- Unlicensed or Potentially Closed-Source Technologies
There are plenty of ways to give a presentation about projects and technologies without focusing on company-specific efforts. Remember the things to consider that we mentioned above when writing your proposal and think of ways to make it interesting for attendees while still letting you share your experiences, educate the community about an issue, or generate interest in a project.
How to Submit Your Proposal
We have done our best to make the submission process as simple as possible. Here is what you will need to prepare:
1. Choose a submission type:
- A Birds of a Feather (BoF) session is a discussion forum where there is someone facilitating only 20% of the time with 80% audience interaction.
- Panel: If you are proposing a panel discussion, please make sure that you list all of your potential panelists and their information (4 panelists maximum).
- Presentation: 35-minute presentations will be limited to 2 presenters.
Note: All panels are required to have at least one female speaker.
2. Choose the track for your proposal:
- Container Networking Interface (CNI)
Note: Final tracks for the conference will be based on accepted submissions.
3. Provide a biography, including your previous speaking experience.
4. What category is your proposal?
- Case Studies
5. Provide us with an abstract about what you will be presenting at the event.
- Provide as much information as possible about what the content will include. Do not be vague.
6. Tell us how the content of your presentation will help better CNCF and open source ecosystem. We realize that this can be
a difficult question to answer, but as with the abstract, the relevance of your presentation is just as important as the content.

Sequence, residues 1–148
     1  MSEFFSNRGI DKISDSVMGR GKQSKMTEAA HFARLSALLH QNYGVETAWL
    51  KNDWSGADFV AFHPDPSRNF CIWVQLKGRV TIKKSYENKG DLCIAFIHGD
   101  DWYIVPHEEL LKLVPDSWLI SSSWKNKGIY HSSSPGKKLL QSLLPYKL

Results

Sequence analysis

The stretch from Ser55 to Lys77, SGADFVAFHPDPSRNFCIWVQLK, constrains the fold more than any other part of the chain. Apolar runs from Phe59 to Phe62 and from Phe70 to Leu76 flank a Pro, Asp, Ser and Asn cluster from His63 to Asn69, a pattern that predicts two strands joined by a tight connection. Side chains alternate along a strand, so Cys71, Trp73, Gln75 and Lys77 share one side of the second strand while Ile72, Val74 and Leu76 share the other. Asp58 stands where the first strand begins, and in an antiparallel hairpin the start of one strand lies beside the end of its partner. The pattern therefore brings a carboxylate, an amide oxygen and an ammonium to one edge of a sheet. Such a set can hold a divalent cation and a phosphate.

7. Select the experience level:
8. List any technical requirements that you have for your presentation over and above the standard projector, screen and wireless Internet.
Your abstract will be the cornerstone of your proposal.
This is your chance to *sell* your talk to the program committee, so do your best to highlight the problem/contribution/work that you are addressing in your presentation. The technical details are still important, but the relevance of what you are presenting will help the program committee during the selection process.
This is the abstract that will be posted on the website schedule, so please ensure that it is in complete sentences (and not just bullet points) and that it is written in the third person (use your name instead of “I”).
Example: Kernel Weather Report (Jon Corbet, LWN.net) – The Linux kernel is at the core of any Linux system; the performance and capabilities of the kernel will, in the end, place an upper bound on what the system can do as a whole. In this presentation, Jon Corbet will review recent events in the kernel development community, discuss the current state of the kernel, the challenges it faces, and look forward to how the kernel may address those challenges.
Travel Support + Speaker Passes
If you require travel support, please be sure to answer the request for travel funding at the end of the CFP submission form.
All speakers are required to review, and adhere to, our Code of Conduct.
Each session is allowed (1) primary speaker and (1) co-speaker. All accepted speakers will receive a complimentary conference pass. For panel discussions, all panelists will receive a complimentary conference pass; maximum 4 panelists & 1 moderator. (Panels are required to include at least 1 female participant).